For example, in the Bible you are warned, though not exactly in these words, to be careful what you ask God for. You might just get it. It is said that, if you want to hear God laugh, just tell Him your plans. It seems to be well known that we should be careful what we pray for, because, when we pray for rain, especially in Trinidad, we have to deal with mud as well as flood. There is the story that I heard in a management class about a young Catholic kid who kept praying for a bike because he was the only kid in the neighbourhood who didn’t have one. When he realised that in this world it is easier to ask for forgiveness than for permission, he stole one and then went to confession.
I suppose that, at this point, I owe all of you a confession. The truth is that what prompted today’s topic is the present crisis in the USA. Donald Trump has created a no-win situation by not asking either for permission or forgiveness. As one writer quipped about him, “Trump in his first speech after recovery from the coronavirus said, ‘I wanna thank all of you for your prayers’. Makes me wonder why. They obviously weren’t answered.” Another said, “In these trying times we all need to put our differences aside and make a special prayer for President Donald Trump. I suggest Psalm 109:8, ‘Let his days be few; and let another take his office.’” Unfortunately, his resounding loss of office makes things worse instead of better.
Sometimes out of the greatest disasters emerges a wonder of wonders, something that makes life better or easier to understand and live with. At the end of the attack on the US Congress on January 6 which interrupted the confirmation process, despite chaos, deaths and personal suffering, the representatives of the people met again to do what they were there for. They confirmed Joseph Biden as president and Kamala Harris as vice-president. It was then that I had my own road, not so much to Damascus as to prayer and its power when it comes from the heart. If America is now limping along to its own salvation on a wing and a prayer, it got the prayer it requires. Given a minute to end the long and troubled session with a prayer, Senate Chaplain Barry C. Black, a Seventh-day Adventist minister and former navy rear admiral, who has been the Senate’s official clergyman for nearly two decades, had me spellbound: “Lord of our lives and sovereign of our beloved nation, we deplore the desecration of the United States Capitol building, the shedding of innocent blood, the loss of life and the quagmire of dysfunction that threatened our democracy. These tragedies have reminded us that words matter and that the power of life and death is in the tongue. We have been warned that eternal vigilance continues to be freedom’s price. Lord, you have helped us remember that we need to see in each other a common humanity that reflects your image. You have strengthened our resolve to protect and defend the Constitution of the United States against all enemies, domestic as well as foreign … . Use us to bring healing and unity to our hurting and divided nation and world.” He ended by acknowledging God’s role in inspiring the lawmakers to rise above the fear and anger to do what was right. He said simply, “Thank you for what you have blessed our lawmakers to accomplish in spite of threats to liberty.”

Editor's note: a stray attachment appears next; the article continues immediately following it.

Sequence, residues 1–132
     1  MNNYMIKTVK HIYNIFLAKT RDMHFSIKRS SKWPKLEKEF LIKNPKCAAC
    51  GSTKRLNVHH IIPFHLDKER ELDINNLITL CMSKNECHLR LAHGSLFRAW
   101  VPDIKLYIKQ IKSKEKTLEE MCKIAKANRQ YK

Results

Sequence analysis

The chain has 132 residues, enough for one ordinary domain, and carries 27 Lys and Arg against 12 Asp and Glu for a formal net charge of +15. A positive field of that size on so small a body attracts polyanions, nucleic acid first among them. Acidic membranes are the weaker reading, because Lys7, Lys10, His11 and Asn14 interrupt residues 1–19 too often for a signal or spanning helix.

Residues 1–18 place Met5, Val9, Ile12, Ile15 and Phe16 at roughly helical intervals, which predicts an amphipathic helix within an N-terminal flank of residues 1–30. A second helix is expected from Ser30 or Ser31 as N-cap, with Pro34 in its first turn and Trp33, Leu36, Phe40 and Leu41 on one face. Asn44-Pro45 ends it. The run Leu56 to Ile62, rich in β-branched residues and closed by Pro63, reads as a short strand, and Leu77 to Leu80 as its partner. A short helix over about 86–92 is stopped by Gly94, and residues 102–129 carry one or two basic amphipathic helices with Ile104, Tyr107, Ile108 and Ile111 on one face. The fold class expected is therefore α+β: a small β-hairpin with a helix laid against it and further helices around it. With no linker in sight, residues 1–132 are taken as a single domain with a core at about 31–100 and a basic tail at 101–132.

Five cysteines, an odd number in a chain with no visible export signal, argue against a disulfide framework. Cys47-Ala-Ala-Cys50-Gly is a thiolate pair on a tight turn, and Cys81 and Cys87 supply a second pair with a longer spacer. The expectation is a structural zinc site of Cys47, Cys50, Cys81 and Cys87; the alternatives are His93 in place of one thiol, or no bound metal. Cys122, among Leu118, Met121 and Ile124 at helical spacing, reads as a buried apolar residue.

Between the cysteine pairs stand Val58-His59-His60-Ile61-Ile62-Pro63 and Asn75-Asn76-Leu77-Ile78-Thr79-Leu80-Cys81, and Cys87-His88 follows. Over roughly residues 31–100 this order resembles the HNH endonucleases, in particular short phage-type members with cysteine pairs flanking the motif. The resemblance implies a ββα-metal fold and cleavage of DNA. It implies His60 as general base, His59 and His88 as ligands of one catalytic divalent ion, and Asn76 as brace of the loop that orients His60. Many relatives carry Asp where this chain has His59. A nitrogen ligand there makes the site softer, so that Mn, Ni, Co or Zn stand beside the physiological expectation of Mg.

Tony Deyal was last seen repeating Mother Theresa’s words, “I know God will not give me anything I can’t handle; I just wish that He didn’t trust me so much.” Send feedback to firstname.lastname@example.org